Testosterone is most often attributed just to men; however, it is important to the health of both men and women. As everyone ages the natural level of testosterone produced by the body begins to decline and is responsible for many of the natural signs of aging.
Aside from natural factors, there are many environmental factors that can also contribute to low or decreasing levels of testosterone, including exposure to statin drugs.
Other environmental testosterone killers include*:
Phthalates, which are chemicals that have been shown to "feminize" men and disrupt the normal function of the endocrine-system.
According to Dr. Joseph Mercola*:
Phthalates are found to cause poor testosterone synthesis by disrupting an enzyme required to create the male hormone. Women with high levels of DEHP and DBP (two types of phthalates) in their system during pregnancy were found to have sons that had feminine characteristics. Phthalates are found in vinyl flooring, detergents, automotive plastics, soaps and shampoos, deodorants, perfumes, hair sprays, plastic bags and food packaging, among a long list of common products.
Aside from phthalates, other chemicals that possess gender-bending traits are:
- Bisphenol-A (BPA) – Common in plastic products such as reusable water bottles, food cans, and dental sealants. BPA can alter fetal development and heighten breast cancer risk in women.
- Perfluorooctanoic acid (PFOA) – A potential carcinogen commonly used in water- and grease-resistant food coatings.
- Methoxychlor (insecticide) and Vinclozin (fungicide) – Shown in studies to induce changes in four subsequent generations of male mice after initial exposure.
- Nonylphenol ethoxylates (NPEs) – Potent endocrine-disruptors that can interfere with your gene expression and glandular system. They are also referred to as estrogen-mimicking chemicals that have been implicated in unnatural sex changes in male marine species.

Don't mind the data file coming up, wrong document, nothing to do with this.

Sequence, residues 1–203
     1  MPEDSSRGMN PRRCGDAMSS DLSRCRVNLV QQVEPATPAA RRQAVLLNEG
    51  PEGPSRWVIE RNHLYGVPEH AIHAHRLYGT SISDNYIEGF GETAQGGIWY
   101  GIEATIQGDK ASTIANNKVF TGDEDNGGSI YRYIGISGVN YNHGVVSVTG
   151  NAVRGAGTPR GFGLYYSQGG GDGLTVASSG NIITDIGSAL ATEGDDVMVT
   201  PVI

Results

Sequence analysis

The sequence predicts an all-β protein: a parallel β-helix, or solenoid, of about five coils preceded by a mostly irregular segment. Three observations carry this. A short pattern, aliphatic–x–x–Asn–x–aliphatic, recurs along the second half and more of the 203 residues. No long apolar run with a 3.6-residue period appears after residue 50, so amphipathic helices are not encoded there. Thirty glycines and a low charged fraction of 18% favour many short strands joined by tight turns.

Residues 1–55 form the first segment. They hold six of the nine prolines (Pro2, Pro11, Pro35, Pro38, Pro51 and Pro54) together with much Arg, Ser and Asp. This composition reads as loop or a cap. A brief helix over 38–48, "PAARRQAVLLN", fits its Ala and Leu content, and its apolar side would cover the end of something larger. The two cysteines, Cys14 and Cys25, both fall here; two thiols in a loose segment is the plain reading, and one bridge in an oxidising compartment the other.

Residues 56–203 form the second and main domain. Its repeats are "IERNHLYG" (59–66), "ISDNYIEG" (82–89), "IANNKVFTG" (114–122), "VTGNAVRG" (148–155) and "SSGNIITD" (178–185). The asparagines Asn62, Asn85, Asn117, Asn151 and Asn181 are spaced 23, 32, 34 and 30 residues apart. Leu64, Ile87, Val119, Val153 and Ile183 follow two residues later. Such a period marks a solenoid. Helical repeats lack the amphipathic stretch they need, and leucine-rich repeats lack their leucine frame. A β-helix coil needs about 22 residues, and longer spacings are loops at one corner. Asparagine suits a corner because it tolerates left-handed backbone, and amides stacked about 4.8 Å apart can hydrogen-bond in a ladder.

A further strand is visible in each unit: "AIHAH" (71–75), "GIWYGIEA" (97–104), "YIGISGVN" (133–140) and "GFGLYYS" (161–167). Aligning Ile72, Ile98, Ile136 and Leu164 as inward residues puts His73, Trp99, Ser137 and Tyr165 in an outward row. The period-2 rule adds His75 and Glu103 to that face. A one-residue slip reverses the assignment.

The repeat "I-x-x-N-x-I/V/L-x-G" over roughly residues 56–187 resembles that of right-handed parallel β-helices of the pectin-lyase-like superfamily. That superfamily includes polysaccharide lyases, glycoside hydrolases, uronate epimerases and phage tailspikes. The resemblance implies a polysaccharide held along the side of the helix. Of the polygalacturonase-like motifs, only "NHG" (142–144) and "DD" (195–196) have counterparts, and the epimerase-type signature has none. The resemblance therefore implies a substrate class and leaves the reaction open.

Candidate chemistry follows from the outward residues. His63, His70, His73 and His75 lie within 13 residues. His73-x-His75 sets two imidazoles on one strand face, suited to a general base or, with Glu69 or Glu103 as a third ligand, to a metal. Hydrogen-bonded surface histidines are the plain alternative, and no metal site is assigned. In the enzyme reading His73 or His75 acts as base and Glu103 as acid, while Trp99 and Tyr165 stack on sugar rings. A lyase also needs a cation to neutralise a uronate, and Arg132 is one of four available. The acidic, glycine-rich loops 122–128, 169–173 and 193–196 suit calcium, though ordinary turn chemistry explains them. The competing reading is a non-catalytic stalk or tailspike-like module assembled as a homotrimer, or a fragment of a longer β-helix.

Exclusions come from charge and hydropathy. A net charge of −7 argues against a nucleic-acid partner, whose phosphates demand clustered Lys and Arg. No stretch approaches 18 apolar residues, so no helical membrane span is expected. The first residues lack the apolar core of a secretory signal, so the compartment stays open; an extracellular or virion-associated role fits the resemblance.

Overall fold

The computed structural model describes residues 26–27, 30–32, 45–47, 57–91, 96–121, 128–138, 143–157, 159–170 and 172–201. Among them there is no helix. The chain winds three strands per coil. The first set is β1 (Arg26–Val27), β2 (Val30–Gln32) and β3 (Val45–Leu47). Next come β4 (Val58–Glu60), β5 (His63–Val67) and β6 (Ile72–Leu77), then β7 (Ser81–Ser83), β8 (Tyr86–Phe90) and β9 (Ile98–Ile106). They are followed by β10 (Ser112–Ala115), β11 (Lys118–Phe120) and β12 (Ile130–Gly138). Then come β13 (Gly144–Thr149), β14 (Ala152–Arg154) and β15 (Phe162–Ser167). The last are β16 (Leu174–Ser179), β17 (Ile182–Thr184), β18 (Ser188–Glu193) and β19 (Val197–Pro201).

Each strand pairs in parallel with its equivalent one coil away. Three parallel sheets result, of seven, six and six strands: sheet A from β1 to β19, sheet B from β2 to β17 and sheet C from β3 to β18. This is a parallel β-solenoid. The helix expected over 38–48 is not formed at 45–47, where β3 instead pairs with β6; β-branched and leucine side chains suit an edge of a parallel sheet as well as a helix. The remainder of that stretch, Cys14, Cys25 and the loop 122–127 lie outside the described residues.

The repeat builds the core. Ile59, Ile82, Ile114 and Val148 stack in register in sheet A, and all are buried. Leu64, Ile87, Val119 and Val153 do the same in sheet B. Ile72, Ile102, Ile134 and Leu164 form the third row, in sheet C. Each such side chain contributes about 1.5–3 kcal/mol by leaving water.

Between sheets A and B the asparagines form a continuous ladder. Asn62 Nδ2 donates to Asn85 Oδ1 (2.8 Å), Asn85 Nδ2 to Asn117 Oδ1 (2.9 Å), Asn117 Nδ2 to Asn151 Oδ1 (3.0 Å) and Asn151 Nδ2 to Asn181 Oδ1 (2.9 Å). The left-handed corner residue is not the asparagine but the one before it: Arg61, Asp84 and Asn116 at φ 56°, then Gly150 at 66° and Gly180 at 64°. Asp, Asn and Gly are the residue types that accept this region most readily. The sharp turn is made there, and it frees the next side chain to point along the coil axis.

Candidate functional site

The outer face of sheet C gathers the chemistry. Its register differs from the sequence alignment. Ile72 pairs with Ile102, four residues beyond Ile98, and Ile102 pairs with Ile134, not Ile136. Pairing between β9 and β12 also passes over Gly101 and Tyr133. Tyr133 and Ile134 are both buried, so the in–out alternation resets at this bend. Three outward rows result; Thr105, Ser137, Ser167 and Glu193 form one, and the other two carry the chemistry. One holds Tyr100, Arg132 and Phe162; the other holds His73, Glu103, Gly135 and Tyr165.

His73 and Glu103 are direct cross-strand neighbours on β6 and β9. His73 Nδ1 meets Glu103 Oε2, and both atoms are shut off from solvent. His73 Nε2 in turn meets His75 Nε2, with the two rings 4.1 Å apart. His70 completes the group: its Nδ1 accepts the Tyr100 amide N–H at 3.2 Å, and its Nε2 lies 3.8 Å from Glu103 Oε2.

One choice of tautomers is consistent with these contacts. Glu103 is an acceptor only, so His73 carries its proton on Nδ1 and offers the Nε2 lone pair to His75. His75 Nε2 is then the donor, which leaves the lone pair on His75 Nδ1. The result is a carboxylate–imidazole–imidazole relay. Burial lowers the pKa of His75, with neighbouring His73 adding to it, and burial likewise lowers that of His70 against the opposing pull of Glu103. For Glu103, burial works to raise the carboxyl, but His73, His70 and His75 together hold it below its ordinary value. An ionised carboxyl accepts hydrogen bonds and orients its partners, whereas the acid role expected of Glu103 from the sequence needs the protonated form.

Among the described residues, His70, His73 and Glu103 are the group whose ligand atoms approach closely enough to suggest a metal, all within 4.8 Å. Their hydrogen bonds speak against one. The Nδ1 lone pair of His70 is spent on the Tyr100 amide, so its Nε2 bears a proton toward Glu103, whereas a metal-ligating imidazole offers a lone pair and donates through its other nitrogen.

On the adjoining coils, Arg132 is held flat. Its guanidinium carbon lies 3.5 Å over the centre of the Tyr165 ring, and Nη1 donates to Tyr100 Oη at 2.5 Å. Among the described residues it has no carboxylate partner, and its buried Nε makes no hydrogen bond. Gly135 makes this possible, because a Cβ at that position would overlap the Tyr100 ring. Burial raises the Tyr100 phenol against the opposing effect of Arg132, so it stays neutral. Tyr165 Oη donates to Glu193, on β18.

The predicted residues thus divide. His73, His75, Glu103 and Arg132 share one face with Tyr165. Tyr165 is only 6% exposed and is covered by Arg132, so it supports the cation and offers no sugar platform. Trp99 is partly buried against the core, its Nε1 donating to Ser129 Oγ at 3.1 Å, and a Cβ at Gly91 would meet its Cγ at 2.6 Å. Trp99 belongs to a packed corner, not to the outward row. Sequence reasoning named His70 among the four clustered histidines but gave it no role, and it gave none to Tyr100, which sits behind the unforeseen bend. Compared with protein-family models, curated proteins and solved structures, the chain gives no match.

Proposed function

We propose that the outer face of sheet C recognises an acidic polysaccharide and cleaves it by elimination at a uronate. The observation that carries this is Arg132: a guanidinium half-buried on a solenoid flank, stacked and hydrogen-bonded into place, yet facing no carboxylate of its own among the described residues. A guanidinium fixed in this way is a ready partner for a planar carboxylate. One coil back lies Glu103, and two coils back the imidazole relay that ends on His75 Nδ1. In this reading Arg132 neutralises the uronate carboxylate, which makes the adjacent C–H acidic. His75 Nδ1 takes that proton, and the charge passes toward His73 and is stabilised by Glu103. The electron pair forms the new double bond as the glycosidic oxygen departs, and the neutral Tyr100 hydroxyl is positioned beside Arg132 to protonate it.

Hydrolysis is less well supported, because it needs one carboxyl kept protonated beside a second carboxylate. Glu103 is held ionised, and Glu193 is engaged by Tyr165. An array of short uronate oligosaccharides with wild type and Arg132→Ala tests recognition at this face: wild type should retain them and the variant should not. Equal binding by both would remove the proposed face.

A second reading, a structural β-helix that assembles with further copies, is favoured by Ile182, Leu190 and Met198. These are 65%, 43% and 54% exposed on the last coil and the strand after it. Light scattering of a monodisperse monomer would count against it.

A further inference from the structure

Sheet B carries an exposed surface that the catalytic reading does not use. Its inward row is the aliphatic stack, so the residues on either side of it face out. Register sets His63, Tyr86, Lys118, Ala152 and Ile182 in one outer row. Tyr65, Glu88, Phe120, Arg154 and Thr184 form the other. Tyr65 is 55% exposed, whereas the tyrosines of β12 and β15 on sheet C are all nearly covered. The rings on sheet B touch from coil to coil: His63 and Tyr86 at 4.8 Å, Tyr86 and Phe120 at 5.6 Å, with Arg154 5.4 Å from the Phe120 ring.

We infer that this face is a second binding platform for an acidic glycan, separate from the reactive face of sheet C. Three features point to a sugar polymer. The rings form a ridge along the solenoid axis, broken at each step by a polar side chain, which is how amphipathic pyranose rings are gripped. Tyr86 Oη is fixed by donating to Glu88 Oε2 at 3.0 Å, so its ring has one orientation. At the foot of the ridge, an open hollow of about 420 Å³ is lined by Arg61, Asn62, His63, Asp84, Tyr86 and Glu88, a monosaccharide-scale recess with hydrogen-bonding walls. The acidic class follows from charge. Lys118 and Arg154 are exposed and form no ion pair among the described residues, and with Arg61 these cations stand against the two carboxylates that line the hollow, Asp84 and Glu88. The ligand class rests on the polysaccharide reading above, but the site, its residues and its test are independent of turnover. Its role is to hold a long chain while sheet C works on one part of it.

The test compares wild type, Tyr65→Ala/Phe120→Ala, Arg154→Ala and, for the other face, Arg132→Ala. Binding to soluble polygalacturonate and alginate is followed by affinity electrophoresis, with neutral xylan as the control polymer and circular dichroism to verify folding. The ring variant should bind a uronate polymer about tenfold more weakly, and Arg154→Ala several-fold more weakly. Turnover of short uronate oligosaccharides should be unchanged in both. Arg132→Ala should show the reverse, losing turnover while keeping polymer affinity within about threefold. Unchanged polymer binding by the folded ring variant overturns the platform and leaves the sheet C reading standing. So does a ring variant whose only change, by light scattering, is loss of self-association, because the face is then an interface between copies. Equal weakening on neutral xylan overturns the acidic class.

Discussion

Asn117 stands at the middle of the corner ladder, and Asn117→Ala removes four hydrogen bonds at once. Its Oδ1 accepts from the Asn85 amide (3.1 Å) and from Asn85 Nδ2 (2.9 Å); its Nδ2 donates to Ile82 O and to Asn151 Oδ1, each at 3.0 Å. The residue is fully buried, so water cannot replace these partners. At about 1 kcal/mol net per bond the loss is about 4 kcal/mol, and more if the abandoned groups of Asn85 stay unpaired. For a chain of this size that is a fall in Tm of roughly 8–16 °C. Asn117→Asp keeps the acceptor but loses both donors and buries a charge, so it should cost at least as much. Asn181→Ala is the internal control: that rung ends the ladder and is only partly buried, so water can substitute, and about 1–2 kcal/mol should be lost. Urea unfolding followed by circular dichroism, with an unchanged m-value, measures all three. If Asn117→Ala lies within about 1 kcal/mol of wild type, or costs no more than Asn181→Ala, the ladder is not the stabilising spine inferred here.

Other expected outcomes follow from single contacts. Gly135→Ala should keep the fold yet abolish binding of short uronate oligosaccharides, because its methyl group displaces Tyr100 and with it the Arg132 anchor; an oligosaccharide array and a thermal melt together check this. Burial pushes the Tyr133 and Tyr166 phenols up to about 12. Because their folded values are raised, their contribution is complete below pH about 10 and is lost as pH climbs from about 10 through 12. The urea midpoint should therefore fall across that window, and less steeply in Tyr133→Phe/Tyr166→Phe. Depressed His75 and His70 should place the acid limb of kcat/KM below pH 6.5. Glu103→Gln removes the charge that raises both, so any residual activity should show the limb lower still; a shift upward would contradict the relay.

- Bovine growth hormones – Estrogen-mimicking and growth-promoting chemicals that are added to commercial dairy products.
- Unfermented soy products – Contain antinutrients and hormone-like substances, and are NOT health foods (contrary to popular belief). Visit this page to learn more about the dangers of soy.
- MSG – A food additive that can impact reproductive health and fertility.
- Fluoride – A potent neurotoxin found in certain US water supplies and is linked to endocrine disruption, decreased fertility rates, and lower sperm counts.
- Pharmaceuticals that provide synthetic hormones – Pharmaceuticals like contraceptives and provide you with synthetic hormones that your body isn’t designed to respond to and detoxify properly. Chronic illnesses may result from long-term use of these drugs.
- Metalloestrogens – A class of cancer-causing estrogen-mimicking compounds that can be found in thousands of consumer products. Included in the list of potent metalloestrogens are aluminum, antimony, copper, lead, mercury, cadmium, and tin.
What Do You Need to Produce Testosterone?
The body is naturally efficient at producing testosterone and uses a sensitive negative feedback loop to keep the body in constant balance. To do this however, the body needs sufficient amounts of key micro-nutrients to facilitate the process.
Two of the most important being zinc and vitamin D3. Zinc is essential to the body and can only be obtained through our diet. Vitamin D3 is created by our body through skins exposure.
Most modern westerners are deficient in D3 from an irrational fear of the sun and from spending all of their waking hours indoors.
We don't advocate for skipping sunscreen all the time, but if you haven't seen the sun in a few days, wait 30 to 40 mins to put on sunscreen to allow your skin to utilize the full potential of the suns beneficial rays.
Stress is also natural testosterone killer. Stress causes increased amounts of cortisol which reduce the effect of testosterone on your body.